Red Line compared Martindale to Ryan O’Marra and compared McLeod to Austin Watson. I like him as a prospect and the OHL is a supreme melting pot for prospects, but this isn’t a slam dunk and there’s a reason projected first rounders fall into the second round. Kirill Maksimov was chosen in the bowels of the draft but went from .57 points-per-game in his draft season to 1.29 in draft +1. If McLeod can deliver that kind of spike, we’re talking about a future top six forward with incredible wheels and substantial skills. It’s easy to love his speed, but math suggests we take a watchful approach on Mr. McLeod.
The two late picks are interesting but it’s tough to get intel on them. Siikanen has good hands and can be a real distraction around the net, he is not blessed with great speed. Siikanen finished No. 20 in points-per-game among U18’s in the Jr. Sm-Liiga, posting 0.71 per game. Aapeli Rasanen posted .076 same league in his draft year 2016. Always bet against later picks but this is an interesting player.
THE NEWS IS OUT ALL OVER TOWN
Some great reporting from Jim Matheson of the Edmonton Journal is here, we’ll discuss Darnell Nurse tomorrow (honoring my 24-hour rule). In the meantime, click the link, good stuff there.
CURRENT STATE OF THE OILERS
Over the last few weeks, Edmonton added some nice prospects in the draft (Evan Bouchard, Ryan McLeod and Olivier Rodrigue were all among the best at their position pre-draft) and at least one free agent (Tobias Rieder) who can grow with the group. Kyle Brodziak is a solid veteran addition.
When giving Peter Chiarelli credit for these things, it’s also important to note his previous moves contributed to the current cap crunch/roster holes combination the organization is living under today. After crushing June trades that sent away top draft picks in the enormous 2015 draft, that sent away Taylor Hall and then Jordan Eberle, the big June trade this year was for Hayden Hawkey. Oilers didn’t bleed by their own hand this summer.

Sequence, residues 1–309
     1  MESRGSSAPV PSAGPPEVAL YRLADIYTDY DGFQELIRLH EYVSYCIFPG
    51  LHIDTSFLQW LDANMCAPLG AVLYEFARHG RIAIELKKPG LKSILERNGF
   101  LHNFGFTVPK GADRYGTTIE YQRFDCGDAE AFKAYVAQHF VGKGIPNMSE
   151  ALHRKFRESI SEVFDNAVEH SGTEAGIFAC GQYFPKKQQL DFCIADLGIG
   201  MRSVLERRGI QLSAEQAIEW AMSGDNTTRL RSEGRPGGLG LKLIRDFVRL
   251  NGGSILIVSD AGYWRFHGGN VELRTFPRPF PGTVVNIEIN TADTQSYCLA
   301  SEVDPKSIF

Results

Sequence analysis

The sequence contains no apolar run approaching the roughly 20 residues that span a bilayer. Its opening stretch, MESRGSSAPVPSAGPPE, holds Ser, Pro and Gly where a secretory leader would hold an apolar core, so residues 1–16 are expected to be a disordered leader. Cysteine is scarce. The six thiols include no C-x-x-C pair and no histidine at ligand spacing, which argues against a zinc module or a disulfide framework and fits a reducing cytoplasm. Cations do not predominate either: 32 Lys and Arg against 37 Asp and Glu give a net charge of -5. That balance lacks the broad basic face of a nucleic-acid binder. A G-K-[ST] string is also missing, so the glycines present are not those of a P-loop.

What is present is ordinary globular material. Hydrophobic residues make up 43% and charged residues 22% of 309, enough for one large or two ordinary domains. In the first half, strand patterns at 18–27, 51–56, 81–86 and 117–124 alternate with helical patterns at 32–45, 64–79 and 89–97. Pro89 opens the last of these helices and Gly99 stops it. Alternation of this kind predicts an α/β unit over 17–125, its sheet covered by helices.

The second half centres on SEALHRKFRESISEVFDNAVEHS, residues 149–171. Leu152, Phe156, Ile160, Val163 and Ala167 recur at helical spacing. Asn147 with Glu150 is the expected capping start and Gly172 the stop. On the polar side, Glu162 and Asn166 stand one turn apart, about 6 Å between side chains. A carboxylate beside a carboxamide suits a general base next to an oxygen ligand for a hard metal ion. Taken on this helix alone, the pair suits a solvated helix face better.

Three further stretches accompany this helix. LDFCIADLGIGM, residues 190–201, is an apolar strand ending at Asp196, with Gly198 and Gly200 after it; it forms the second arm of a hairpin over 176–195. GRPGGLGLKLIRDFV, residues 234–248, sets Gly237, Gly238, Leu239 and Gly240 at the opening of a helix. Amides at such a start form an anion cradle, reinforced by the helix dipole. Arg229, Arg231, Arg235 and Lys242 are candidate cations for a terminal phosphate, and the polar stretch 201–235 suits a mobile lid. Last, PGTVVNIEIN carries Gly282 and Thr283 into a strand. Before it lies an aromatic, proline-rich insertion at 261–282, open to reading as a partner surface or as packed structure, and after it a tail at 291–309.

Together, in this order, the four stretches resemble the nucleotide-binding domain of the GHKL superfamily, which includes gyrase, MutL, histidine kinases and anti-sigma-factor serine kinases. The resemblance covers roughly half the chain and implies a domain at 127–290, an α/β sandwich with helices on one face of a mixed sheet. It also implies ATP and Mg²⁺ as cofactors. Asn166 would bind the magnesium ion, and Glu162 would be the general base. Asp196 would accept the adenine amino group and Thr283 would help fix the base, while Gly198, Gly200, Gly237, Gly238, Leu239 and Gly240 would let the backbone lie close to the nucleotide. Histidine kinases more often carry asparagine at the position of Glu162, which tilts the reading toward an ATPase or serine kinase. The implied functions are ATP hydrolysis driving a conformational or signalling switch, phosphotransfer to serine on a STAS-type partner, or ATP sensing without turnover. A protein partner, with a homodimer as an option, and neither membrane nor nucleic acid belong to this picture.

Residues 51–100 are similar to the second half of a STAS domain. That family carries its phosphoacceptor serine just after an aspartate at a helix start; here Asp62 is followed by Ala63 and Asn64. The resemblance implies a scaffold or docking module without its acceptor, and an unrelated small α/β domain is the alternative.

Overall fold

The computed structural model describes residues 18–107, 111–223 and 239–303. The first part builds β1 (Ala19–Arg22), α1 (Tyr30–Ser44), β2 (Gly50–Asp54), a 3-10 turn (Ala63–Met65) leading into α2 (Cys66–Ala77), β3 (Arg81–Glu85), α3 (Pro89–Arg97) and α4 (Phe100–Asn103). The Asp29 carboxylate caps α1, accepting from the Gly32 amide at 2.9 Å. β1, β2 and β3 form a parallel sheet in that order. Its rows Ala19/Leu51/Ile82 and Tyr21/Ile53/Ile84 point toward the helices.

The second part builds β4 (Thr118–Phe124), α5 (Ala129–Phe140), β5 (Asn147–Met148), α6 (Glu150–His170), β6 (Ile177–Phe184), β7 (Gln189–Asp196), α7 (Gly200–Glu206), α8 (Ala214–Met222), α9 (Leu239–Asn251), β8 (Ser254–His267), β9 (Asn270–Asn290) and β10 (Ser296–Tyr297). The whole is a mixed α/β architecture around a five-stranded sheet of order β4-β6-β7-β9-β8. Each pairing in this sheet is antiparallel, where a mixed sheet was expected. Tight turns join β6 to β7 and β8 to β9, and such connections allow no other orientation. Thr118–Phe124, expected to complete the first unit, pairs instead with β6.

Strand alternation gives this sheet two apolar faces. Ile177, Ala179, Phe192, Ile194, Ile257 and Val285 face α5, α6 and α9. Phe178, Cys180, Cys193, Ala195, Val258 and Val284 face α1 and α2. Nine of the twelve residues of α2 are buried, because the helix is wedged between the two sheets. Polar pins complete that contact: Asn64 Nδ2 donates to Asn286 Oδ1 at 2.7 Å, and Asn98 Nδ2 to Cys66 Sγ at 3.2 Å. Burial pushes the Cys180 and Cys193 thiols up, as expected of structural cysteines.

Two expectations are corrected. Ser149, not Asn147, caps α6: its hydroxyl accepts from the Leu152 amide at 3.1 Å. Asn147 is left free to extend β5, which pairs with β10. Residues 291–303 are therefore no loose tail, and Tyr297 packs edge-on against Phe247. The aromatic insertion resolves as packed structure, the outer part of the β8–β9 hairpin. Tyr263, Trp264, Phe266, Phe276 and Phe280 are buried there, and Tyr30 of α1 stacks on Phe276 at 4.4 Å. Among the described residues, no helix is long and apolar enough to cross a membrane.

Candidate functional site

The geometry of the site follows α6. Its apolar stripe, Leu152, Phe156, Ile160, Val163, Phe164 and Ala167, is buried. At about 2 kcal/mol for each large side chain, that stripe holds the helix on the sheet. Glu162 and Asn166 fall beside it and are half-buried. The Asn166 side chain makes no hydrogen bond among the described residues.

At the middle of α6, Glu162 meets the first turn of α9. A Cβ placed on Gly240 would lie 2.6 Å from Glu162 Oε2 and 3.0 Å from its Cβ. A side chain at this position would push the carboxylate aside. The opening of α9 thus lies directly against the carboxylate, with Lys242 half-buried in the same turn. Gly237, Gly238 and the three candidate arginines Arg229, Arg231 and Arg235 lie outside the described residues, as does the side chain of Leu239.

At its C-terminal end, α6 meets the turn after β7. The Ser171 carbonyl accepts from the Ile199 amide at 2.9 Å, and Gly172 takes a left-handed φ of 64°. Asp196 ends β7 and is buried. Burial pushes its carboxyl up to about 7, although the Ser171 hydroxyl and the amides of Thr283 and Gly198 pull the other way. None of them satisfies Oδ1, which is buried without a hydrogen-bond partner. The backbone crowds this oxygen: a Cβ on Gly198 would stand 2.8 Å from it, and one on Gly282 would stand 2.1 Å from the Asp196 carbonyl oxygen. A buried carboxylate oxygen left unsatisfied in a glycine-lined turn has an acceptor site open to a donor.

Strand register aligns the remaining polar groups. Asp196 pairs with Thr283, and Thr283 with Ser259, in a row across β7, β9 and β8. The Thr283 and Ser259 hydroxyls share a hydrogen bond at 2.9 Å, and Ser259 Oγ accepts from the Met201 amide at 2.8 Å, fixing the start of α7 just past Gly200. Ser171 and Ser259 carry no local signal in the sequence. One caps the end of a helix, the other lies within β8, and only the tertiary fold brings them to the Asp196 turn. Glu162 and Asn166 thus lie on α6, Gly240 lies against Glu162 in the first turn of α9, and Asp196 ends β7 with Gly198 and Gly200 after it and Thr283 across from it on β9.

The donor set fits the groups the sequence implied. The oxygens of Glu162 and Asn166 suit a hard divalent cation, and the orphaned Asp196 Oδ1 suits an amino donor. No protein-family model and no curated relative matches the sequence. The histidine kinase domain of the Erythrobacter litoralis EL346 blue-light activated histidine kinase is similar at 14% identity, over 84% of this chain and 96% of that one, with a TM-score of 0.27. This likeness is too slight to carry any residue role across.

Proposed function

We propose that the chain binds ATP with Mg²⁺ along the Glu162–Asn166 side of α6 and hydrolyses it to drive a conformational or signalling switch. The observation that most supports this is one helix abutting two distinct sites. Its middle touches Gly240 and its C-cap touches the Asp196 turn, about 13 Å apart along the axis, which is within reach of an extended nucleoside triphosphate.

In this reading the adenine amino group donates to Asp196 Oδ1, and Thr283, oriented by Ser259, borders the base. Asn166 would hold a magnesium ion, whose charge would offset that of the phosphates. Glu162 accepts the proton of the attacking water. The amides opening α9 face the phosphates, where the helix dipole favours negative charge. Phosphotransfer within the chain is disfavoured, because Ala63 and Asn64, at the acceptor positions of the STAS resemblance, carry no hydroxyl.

The downside of all these things for Chiarelli is that his team remains unbalanced at a time when he and coach Todd McLellan are under enormous pressure. The upside is there’s talent bubbling under the surface, and the McDavid cluster (I count 97, 29, 93, 25, 77, 6, and hope 98, 83, 16 and 56 join the band) will continue to grow with useful youths who don’t cost the moon.
If the result of 2017-18 means keeping the draft picks (unlike 2014 and 2015), developing them (you go, Jay Woodcroft) and making smaller, astute free agent signings (Tobias Rieder) then I’m onboard. I do think the overall thrust of these moves is wise. It’s the right thing to do, although it doesn’t bring those 2015 draft picks back to Edmonton.
LOWDOWN WITH LOWETIDE
A busy Friday morning with plenty of chat and lots of cool guests. Scheduled to appear, beginning at 10, TSN1260:
- Steve Lansky, BigMouthSports. Prairie storms, CFL Live mic, Stampede, World Cup.
- Derek Taylor, TSN. Mr. Details will tell us why the Stampeders are so damned good and what the Eskimos can do to counter those slow starts (and injuries on defense).
- Matt Iwanyk, TSN. World Cup, Eskimos-Argos.
10-1260 text, @Lowetide on twitter. See you on the radio!